Just because the city has a flood shouldn’t give criminals the right to come in, in the dark of night or early on a Sunday morning and destroy the landscape. Especially considering we lost millions of trees two years ago to the worst drought in decades. I’m sorry if you’re suffering from flooding but what you said was just senseless..
    If those trees were in the right of way easement then hopefully they’ll be fined. Planting saplings to replace full grown trees doesn’t make up for the size of the trees lost.

  • I do think there is a considerable cost efficiency discussion to be had in regards to placing trees on easements with power lines compared to trees on easements with no power lines.
    Half of Montrose is up in arms right now due to centerpoint trimming peoples trees this past month. The transmission rates that centerpoint charges are ridiculous.

  • I have over ten trees on my property. The city would love to see it flooded out so a developer can build something that concretes it mostly to the property line and the city can triple the tax it collects from my lot. If you like nature, please get outraged about the preventable flooding going on. When a neighborhood gets ravaged, the replacement houses are not going to be as eco friendly. There hasn’t been a shortage of articles to comment on.

    You are missing the forest for the trees.

  • @ Flooding: Your argument seems to be that a person cannot simultaneously be concerned about losing trees in Houston and flooding. You’re wrong about that; the two are not mutually incompatible. Quite the opposite in fact, as I’ve already pointed out.
    @joel: 1) I live in Montrose, and I dispute your assertion about “half of Montrose” being up in arms and your implication that tree trimming is too great a financial burden. 2) if a cost-benefit analysis is your intent, then you should factor in the increased energy use due to a lack of tree shade.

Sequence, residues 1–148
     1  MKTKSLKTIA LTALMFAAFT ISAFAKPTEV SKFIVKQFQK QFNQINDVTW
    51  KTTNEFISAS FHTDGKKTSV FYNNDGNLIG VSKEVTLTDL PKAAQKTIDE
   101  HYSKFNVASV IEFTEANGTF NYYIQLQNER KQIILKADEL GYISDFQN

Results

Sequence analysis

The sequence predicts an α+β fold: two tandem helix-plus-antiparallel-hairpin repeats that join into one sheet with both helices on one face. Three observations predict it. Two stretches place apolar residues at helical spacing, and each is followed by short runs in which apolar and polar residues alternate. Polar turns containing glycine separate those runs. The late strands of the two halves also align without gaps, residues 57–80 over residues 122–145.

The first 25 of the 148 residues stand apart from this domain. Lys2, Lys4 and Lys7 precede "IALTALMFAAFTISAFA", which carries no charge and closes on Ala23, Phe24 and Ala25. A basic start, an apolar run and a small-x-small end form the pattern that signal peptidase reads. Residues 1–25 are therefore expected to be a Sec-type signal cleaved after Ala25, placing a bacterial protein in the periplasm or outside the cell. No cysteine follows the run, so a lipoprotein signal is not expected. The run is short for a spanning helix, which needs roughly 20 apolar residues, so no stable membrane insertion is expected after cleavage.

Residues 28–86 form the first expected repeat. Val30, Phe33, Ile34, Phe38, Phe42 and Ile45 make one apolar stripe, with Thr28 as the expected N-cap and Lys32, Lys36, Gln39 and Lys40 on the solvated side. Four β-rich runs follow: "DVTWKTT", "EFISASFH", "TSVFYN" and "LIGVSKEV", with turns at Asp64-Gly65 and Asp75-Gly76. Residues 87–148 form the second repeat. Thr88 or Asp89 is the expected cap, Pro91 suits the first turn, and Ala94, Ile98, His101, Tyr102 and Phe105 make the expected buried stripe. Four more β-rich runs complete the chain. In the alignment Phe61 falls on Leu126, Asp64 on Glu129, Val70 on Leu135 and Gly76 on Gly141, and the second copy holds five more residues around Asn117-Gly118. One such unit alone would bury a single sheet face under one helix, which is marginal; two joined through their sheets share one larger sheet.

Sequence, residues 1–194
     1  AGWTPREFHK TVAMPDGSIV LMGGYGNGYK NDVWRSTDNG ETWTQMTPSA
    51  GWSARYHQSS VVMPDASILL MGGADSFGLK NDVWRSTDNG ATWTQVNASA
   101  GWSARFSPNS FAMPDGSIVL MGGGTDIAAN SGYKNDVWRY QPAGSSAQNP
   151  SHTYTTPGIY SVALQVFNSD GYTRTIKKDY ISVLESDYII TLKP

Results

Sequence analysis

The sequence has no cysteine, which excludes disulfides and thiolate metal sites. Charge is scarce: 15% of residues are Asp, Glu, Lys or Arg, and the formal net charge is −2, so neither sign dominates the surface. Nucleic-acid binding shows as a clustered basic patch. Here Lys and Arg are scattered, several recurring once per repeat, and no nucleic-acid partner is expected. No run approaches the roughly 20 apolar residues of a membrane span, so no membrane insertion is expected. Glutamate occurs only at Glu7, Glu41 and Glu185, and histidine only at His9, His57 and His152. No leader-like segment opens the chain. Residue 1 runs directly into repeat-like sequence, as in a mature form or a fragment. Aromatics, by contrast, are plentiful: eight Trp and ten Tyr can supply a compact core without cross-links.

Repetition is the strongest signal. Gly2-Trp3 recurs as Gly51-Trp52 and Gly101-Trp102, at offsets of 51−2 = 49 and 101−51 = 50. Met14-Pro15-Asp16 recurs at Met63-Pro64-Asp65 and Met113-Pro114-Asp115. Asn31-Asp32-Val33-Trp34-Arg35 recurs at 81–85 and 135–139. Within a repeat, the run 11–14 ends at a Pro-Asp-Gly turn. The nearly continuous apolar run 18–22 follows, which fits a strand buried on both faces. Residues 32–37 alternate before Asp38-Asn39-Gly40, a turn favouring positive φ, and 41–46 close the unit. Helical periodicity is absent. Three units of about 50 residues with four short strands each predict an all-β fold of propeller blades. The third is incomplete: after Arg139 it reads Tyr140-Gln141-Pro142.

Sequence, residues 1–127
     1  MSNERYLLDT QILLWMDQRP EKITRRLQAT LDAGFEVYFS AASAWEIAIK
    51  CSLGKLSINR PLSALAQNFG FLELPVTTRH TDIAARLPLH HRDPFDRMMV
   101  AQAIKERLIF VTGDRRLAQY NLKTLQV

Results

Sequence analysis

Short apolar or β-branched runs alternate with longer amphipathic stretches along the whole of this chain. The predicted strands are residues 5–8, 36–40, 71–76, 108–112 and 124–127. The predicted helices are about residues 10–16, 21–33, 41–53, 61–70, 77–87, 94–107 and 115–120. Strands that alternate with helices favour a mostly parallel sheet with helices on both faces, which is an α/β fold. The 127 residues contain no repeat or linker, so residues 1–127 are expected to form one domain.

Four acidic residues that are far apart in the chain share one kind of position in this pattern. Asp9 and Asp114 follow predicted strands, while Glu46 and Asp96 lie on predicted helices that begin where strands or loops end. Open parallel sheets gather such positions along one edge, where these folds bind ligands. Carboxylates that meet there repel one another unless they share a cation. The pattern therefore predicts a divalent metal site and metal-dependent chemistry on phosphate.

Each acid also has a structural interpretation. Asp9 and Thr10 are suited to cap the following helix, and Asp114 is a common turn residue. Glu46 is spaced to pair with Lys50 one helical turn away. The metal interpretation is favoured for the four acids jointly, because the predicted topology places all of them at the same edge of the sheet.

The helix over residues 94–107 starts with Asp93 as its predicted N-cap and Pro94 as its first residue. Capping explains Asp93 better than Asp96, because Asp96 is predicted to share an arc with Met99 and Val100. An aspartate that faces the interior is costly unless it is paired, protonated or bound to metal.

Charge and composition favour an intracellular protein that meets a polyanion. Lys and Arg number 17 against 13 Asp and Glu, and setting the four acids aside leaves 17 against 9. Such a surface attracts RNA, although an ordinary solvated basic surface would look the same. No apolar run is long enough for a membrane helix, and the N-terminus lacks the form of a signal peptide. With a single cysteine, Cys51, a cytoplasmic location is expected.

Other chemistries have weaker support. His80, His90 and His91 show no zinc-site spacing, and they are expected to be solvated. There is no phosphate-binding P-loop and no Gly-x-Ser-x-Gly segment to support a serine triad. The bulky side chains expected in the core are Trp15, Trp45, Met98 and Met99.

• @reader: my point is that while I agree these trees should not be cut down, swamplot readers get into a tizzy over this issue while no one ever says anything about flooding. The reality is that flooding will lead to the loss of many more trees than what the renegade tree choppers can ever do. Be loud about this issue. Fine. But also be loud about the need to eliminate man-made flooding.

  • @ Flooding. I take your point, and, with regard to taking flooding events seriously, I invite you to look at the comments to today’s article roundup.

  • @Flooding: “… swamplot readers get into a tizzy over this issue while no one ever says anything about flooding.”
    A bunch of people say a bunch of things about flooding. Even here on Swamplot.

  • OK: do any of you outraged commenters actually live in Robindell or its environs? I do and getting rid of an abandoned, decrepit decaying shopping center and replacing it with a low cost grocery with lots of fresh produce, milk and eggs, in the middle of a food desert in a low income area is a GOOD THING. Spare me the crocodile tears over the cute sign for businesses that have failed.
    As to the trees: how do you know Aldi cut them down? Centerpoint has been in the area cutting trees because we lose power at the first sign of a storm. And we waited 15 days for our power to come back after Ike. The cutting is ugly but as long as people plant trees along power lines, it’s a necessary evil.
    Why doesn’t someone ask Aldi if they cut the trees?